Almost all oil cleaned up in Mauritius spill

Reuters
Mauritius PM Pravind Jugnauth said on Wednesday nearly all spilled oil had been removed, which has thrown a threat to tourism already hurt by the coronavirus pandemic.
Reuters
Almost all oil cleaned up in Mauritius spill
AFP

A Mauritius Army personnel stands next to the handmade oil barrier trapping leaked oil from the MV Wakashio bulk carrier that had run aground at the beach in Mahebourg, southeast Mauritius, on Wednesday.

Mauritius Prime Minister Pravind Jugnauth said on Wednesday nearly all remaining oil had been removed from a damaged Japanese ship, which leaked about 1,000 tons in a threat to tourism already hurt by the coronavirus pandemic.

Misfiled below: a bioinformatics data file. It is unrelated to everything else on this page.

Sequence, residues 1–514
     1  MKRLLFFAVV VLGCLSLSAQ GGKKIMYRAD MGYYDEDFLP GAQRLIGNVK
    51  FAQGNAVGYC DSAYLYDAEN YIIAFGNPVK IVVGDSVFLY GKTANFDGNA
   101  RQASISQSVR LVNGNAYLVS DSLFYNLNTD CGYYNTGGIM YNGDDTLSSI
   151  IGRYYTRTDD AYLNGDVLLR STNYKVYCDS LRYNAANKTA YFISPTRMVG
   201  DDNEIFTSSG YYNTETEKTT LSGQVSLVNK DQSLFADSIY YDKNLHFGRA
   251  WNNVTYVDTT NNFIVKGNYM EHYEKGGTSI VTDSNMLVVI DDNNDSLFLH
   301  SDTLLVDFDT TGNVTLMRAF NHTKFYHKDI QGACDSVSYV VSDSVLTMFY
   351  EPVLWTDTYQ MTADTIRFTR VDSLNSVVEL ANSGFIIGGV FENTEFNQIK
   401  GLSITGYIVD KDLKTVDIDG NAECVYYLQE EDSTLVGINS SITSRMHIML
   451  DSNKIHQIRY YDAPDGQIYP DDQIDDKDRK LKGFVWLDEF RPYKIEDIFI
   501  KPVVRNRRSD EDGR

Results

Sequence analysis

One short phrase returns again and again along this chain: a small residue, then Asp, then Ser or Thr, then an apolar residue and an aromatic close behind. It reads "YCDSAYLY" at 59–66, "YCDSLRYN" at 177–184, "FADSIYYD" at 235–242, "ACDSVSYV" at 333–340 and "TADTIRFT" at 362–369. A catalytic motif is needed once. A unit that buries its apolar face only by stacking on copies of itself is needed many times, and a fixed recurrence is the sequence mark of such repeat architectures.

“Almost all the oil has been removed from the ship,” Jugnauth told reporters, according to remarks shared by his office. All fuel had been removed from tanks, but there was some residue in parts of the ship.

Tourist operators fear the spill will further damage a sector already reeling from the virus crisis and could cost jobs if pristine beaches are spoiled.

Tourism generated 63 billion rupees (US$1.6 billion) for the economy last year. In May, the central bank said that in the previous two months alone, 12 billion rupees in foreign exchange had been lost.

“It is really going to affect the communities down there, especially for the fishermen, the local guys that live there, you know that’s how they make money from tourists,” said Willow River-Tonkin, who owns a kite-surfing business.

“Taking them out to go diving, to go snorkeling, to go wakeboarding, to go see dolphins and all that sort of thing you know, and all of that is going to affect it, if we don’t get it under control very soon.”

The MV Wakashio, owned by Nagashiki Shipping and operated by Mitsui OSK Lines Ltd, struck a reef on July 25. It began leaking oil last Thursday.

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